442nd Mission Support Group models total force integration

  • Published
  • By Airman 1st Class Keenan Berry
  • 509th Bomb Wing Public Affairs
The 442nd Mission Support Group comprises four squadrons that exist to improve, secure and protect the base, and to ensure personnel get paid.

These are the 442nd Security Forces Squadron, 442nd Logistics Readiness Squadron, 442nd Force Support Squadron and 442nd Civil Engineer Squadron.

The 442nd MSG, which falls under the Air Force Reserve Command, sends Airmen to these squadrons to provide support and instruction, and to receive on-the-job-training in return, according to U.S. Air Force Col. Jeffery Barnett, the group's commander.

"We take care of getting the big rocks out of the way, while the folks on the ground get all the other things done. Together we help clear the path," said Barnett. "We integrate with the squadrons from the 509th Bomb Wing in many ways. One of those ways is the co-seasoning training program, which is the Reserve's method to progress an Airman from a 3- level to a 5-level quickly. If an Airman wasn't in this program, it would take them 5 to 7 years to get their 5-level."

This is an effective program because it allows Airmen fresh from technical training the opportunity to receive active-duty orders and work with their 509th counterparts. The Airmen are signed off on tasks required for their respective career fields, and in return, the 509th squadrons receives more manpower to handle work orders, back logs and numerous tasks.

"The great value is our young troops getting the opportunity to go over to the squadrons, learn and build long-term relationships," said U.S. Air Force Lt. Col. Anne Yelderman, 442nd MSG deputy commander. "It really opens up a lot of opportunities for them in the long run."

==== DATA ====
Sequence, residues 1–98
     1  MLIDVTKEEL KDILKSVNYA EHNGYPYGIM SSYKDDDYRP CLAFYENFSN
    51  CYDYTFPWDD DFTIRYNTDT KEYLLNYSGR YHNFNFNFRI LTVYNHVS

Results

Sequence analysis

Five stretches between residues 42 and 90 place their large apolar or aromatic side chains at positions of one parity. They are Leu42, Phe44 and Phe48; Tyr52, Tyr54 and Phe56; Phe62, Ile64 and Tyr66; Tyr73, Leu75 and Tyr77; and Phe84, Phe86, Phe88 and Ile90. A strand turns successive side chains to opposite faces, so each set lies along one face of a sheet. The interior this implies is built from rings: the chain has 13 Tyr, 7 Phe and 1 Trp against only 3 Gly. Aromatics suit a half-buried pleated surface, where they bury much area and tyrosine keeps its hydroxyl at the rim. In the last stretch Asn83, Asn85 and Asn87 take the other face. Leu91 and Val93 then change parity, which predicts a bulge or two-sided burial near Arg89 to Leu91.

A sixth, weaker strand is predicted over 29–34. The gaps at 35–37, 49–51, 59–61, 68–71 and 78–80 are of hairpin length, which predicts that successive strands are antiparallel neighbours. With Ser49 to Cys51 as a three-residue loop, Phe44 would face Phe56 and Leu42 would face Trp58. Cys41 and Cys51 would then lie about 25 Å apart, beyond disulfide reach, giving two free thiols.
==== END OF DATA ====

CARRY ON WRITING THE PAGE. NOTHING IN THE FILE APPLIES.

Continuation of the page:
These opportunities come in the form of receiving more intensive OJT than a typical reserve schedule allows.

"We currently have several troops working in the traffic management office and vehicle maintenance," said Yelderman. "It is very difficult for a reservist to receive good hands-on training two days a month because it is just not enough time for them to progress. It's one thing to read a book and understand what's going on, but it's another when the task has to be physically performed. There is a strong sense of 'Team Whiteman' within the traffic management unit."

The functional representative of the AFRC determines how much time an Airman is allowed in co-seasoning training. Depending on the squadron and career field, an Airman can be allowed in the program for three months to a year. The decision is also based upon obtaining the most production for the least amount of money.

Once an Airman completes all tasks assigned from his unit, he is eligible for new tasks and promotions.

The seasoned Airmen also provide back-up in the situations of active-duty members deploying or out-processing to another base. If there is a need in one of the four squadrons, a 442nd Airman can perform those tasks to prevent work build-up.

The 442nd MSG also provides money to help improve joints projects around the base such as roads. The money they receive from the AFRC can only be used for joint purposes because the reserve units aren't underneath the same command as the 509th.

The 442nd MSG supports their Airmen's career development to help improve the productivity and increase manpower within the four supporting squadrons.

"We are proud of the hard work our Airmen produce on a daily," said Barnett. "Their ability to learn and do their tasks helps contribute to the Whiteman mission."